Spark Plug sums up everything that is good about theatre in this part of the world. You have a Manchester based theatre company, Box of Tricks, that is a launchpad for the next generation of playwrights showcasing the region’s most exciting voices. In David Judge, you have a writer from Fallowfield whose autobiographical work has more than a nod to the places we have grown accustomed in this old town as well as to the faces we would no doubt recognise in our everyday lives. All of this being brought to you by HOME, which continues to provide a sanctuary for the region’s up and coming talent. What more could you ask for in a production?
Once in a while something comes along to just blow your minds. Something that is so seamlessly in tune with every facet of the production, harmoniously joyful, that it stops becoming theatrical and turns into something quite magical. The Animals and Children took to the Streets is such a production. A conjuring cornucopia of captivating concoctions that leaves the viewer completely spellbound.
Annie is one of those musicals that most fans of the genre just love. The classic award winning Broadway musical, based upon the popular Harold Gray comic strip, always has a special affection for fans, with stand out numbers such as “Tomorrow” and “It’s the Hard Knock Life”, any revival is sure to be the talk of the town. The smash-hit production of Annie, straight from the West End, is currently on at the Manchester Opera House for two weeks and our intrepid reporter went to find out what the fuss was all about.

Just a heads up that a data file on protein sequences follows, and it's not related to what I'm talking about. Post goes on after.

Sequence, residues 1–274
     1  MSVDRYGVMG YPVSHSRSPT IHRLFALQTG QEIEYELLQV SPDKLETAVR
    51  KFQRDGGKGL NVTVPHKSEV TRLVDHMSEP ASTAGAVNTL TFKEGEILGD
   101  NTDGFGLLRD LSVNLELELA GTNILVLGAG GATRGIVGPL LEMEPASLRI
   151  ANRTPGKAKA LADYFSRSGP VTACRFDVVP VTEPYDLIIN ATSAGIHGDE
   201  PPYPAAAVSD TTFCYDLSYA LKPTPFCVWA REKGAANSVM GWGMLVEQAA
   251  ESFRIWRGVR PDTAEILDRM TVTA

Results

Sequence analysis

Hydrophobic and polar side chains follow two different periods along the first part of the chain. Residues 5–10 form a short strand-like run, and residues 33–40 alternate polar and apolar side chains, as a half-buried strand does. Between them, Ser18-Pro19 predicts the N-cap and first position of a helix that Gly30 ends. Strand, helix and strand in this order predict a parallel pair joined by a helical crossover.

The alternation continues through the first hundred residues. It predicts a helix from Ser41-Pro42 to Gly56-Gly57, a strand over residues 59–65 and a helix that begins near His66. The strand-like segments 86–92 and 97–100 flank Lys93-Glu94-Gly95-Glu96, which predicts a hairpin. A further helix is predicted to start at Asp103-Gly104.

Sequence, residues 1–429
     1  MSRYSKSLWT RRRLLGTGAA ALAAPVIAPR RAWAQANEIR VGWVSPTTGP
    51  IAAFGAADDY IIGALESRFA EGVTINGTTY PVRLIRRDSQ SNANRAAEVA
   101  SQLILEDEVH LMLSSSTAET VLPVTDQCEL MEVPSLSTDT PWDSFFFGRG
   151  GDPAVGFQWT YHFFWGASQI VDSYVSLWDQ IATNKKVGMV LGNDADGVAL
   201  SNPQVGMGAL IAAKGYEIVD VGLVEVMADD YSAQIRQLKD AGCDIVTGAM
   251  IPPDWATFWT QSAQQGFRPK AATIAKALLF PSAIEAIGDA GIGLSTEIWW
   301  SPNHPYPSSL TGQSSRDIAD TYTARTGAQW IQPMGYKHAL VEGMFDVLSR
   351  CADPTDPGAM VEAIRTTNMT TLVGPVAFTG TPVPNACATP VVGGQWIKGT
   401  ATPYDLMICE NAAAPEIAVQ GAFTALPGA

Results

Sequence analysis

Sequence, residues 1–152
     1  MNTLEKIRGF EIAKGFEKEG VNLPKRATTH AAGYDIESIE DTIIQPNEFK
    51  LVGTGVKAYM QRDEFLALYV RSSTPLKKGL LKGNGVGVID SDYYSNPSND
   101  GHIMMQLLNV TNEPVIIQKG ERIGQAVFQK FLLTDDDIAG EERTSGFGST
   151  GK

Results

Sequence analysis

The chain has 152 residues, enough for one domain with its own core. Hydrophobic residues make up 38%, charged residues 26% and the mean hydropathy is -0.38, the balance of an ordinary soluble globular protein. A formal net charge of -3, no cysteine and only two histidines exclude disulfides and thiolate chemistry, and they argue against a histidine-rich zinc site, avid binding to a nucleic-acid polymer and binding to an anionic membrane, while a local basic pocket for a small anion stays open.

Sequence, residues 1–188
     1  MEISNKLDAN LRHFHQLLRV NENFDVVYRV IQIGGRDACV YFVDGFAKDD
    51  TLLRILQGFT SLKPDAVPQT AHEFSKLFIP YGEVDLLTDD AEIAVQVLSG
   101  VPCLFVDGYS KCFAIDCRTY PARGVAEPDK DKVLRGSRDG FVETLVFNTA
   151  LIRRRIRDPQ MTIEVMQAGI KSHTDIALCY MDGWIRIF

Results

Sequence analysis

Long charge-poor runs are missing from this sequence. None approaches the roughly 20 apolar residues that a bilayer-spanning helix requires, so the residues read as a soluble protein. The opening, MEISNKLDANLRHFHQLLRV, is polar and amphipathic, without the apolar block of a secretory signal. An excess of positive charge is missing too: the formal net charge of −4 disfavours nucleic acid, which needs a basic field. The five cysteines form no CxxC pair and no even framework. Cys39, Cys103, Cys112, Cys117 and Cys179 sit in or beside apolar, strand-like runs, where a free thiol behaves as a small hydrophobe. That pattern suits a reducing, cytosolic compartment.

So it’s goodbye to January, who departs with its usual lack of fanfare and it being the month that most people tend to go into some sort of self imposed hibernation, and hello to freezing February as we get set to batten down the hatches as the winter chill continues to rear its unwelcome ugly head. Never fear, dear readers, for we can warm ourselves by cosying up to the delights that wait in store for us in Manchester finest theatres and entertainment venues.
Saturday Night Fever is one of those bona fide classics. The film starring John Travolta was a gritty depiction of working class life in the Bay Ridge suburbs of the Bronx set to a genre defining soundtrack. That musical backbeat to the tribulations of Tony Manero formed the cornerstone of the phenomenon that would become disco. The stage version, currently on tour at Manchester Palace, therefore was a must see event for all those lovers of glitter balls, iconic white suits and some killer dance moves that Wigan Casino veterans would no doubt remember in their heyday.